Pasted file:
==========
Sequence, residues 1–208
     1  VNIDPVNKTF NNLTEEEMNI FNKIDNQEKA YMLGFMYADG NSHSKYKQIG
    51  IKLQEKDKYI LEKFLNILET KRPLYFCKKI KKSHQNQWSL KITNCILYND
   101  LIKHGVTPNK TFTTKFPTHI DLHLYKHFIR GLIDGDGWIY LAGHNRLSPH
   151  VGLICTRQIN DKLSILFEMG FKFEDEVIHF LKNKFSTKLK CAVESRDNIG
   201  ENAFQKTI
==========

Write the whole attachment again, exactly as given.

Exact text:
Sequence, residues 1–208
     1  VNIDPVNKTF NNLTEEEMNI FNKIDNQEKA YMLGFMYADG NSHSKYKQIG
    51  IKLQEKDKYI LEKFLNILET KRPLYFCKKI KKSHQNQWSL KITNCILYND
   101  LIKHGVTPNK TFTTKFPTHI DLHLYKHFIR GLIDGDGWIY LAGHNRLSPH
   151  VGLICTRQIN DKLSILFEMG FKFEDEVIHF LKNKFSTKLK CAVESRDNIG
   201  ENAFQKTI